Since March 2020, anti-Asian sentiment has been on the rise across the United States. In a horrific show of hatred and racism, Asian communities have become targets for violence, shootings, and hate crimes. These injustices have even spread to the farming communities in Northern California. Keep reading to learn more.
As law enforcement officers patrol up and down the roads in Siskiyou County, it’s hard to miss the feeling of uneasiness that residents share. Many growers in the area have experienced raids over the last few weeks as investigators try to root out illegal marijuana farming practices.
Marijuana laws continue to be in flux as states across the U.S. try to navigate legalization/decriminalization and distribution regulations. As a result, many cultivators are being held responsible for not following the rules – even farmers who don’t grow marijuana.
According to an alfalfa grower in Siskiyou, he has been targeted by officials and his property investigated for allegedly selling water to his pot-farming neighbors. He’s been the victim of vandalism and theft in addition to the constant investigations, and many of his peers are experiencing the same treatment. Many community members are beginning to suspect that targeted aggression is a symptom of growing anti-Asian sentiment in the region. Let’s take a closer look.
A Brief History
Many of the local farmers suspect racial profiling for good reason. A large percentage of all growers in the area are Asian migrants. Specifically, members of the Hmong ethnic group from China and Southeast Asia have found themselves moving to Siskiyou County for the opportunities and the terrain that resembles the mountains of Laos.
Most of the younger generations grow marijuana seasonally, but those who farm throughout the year are constantly under fire. Law enforcement officers claim that farmers in Siskiyou aren’t following regulations and are cracking down on alleged violators.
However, their attempts to create stricter regulations are having a very real effect on the people of Siskiyou and Big Springs. In recent months, authorities have cut off water in the area to stop illegal growers from continuing to produce. While this has led to the desired effect, farmers are losing livestock and other plants in the process.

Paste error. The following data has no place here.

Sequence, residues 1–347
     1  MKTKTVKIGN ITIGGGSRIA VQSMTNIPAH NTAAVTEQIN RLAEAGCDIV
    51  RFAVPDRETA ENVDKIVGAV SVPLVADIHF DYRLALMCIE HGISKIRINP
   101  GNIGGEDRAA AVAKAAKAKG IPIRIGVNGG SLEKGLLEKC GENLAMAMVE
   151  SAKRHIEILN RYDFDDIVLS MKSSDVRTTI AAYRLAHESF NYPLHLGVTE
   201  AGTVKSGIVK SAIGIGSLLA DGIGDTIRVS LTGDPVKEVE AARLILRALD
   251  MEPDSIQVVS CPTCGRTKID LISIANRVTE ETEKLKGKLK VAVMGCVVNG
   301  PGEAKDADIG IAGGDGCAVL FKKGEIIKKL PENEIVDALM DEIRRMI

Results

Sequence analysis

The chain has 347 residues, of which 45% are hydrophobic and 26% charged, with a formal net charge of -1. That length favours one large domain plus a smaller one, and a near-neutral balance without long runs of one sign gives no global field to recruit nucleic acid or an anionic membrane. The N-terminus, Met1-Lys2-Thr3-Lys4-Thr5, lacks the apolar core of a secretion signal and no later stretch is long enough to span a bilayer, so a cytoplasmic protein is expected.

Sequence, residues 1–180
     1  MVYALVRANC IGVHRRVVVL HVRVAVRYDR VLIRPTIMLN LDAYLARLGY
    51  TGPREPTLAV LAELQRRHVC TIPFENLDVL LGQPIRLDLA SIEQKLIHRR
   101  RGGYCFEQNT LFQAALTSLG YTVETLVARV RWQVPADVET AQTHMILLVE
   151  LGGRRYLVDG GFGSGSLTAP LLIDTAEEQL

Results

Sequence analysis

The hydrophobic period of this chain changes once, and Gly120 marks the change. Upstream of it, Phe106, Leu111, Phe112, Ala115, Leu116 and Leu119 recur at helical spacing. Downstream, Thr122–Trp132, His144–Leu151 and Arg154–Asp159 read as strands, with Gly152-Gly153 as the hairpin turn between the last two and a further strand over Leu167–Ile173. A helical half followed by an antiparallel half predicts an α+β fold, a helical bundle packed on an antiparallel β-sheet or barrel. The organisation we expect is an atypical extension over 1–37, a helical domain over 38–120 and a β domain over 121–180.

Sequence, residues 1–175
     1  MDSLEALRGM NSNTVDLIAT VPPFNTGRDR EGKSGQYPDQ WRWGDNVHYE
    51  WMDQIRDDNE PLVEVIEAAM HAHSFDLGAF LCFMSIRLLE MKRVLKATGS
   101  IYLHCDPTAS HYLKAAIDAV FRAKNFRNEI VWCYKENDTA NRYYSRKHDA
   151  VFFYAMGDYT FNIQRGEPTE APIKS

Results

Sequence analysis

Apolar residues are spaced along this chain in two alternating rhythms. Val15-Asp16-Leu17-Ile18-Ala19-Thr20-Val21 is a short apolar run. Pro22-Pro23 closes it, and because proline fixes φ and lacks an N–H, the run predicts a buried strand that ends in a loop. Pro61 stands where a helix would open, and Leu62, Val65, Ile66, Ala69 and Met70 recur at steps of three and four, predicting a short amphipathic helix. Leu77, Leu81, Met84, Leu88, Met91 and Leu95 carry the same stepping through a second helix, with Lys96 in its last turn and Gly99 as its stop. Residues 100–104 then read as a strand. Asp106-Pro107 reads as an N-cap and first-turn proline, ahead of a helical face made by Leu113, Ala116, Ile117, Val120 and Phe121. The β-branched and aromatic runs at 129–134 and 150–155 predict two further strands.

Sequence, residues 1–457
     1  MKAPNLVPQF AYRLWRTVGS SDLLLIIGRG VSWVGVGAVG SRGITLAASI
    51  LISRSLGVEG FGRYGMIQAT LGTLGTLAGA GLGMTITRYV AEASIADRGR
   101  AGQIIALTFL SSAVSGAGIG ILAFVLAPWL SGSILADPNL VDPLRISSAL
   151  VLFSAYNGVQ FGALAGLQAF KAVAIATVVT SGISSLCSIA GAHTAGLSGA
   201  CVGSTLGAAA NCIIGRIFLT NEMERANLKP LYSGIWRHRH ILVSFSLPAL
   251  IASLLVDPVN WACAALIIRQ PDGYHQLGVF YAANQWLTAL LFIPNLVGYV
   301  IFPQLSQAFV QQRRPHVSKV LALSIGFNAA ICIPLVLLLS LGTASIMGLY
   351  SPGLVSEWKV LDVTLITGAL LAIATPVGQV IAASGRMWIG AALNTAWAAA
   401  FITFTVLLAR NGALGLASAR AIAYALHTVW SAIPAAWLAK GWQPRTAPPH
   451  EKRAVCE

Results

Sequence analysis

In addition to the Hmong growers, Latinos and the Karuk Tribe make up the rest of the minority population. The white population, on the other hand, has not felt the keen blow of crackdowns in the same way as minority growers. So far, law enforcement officers have destroyed hundreds of greenhouses and tens of thousands of plans.
How are the police cracking down on growers?
H2O: Liquid Gold in Siskiyou County
County officials and law enforcement have put a cap on water access which has led to other issues. Not only do growers now depend on water trucks for water, but even portable toilet companies are hesitant to service units in the area for fear of aiding and abetting farmers.
Well owners are under strict surveillance to ensure that not one drop of water reaches illegal growers. In fact, violators face fines of up to $5,000. The water restrictions are incredibly frustrating because of recent droughts in the area. Regardless of environmental hazards, officials continue to maintain the water ban to the point that trucks are prohibited from taking certain roads that might go past certain cannabis facilities.
Another reason why officials and growers are at odds is over the amount of water it takes to cultivate marijuana plants. Officials estimate that growers in Siskiyou need somewhere around 325,000 gallons of water per day, but the farmers themselves say that it takes less than that to maintain a crop for a whole year.
Whether the county is attempting to protect the groundwater supply or not, cultivators in the area are tired of feeling targeted by officials. In their minds, their situation is not unlike how the government treats cartels, except they aren’t criminal organizations a mile wide and generations deep – they’re just farmers.
What Happens Now?
The reality of the situation in Siskiyou County is more than the arrests and water restrictions. Violence and other criminal activities are on the rise while law enforcement officers focus their time watching wells.
Until county officials and law enforcement officers can reach some middle ground, locals anticipate that the problem will only get worse. Unrest can quickly escalate under the current conditions, which is a frightening thought for growers and their neighbors.
At this point, the best thing growers can do is enlist the help of a qualified legal representative. Attorneys who work with cannabis laws can help growers keep up with rapidly evolving regulations and restrictions so they can avoid the long arm of the law. They can also help small cultivators register for permits and update their certifications to prevent citations and costly fines.
If you are a cannabis grower, don’t hesitate to contact Purdy & Bailey, LLP, for all of your cannabis business needs.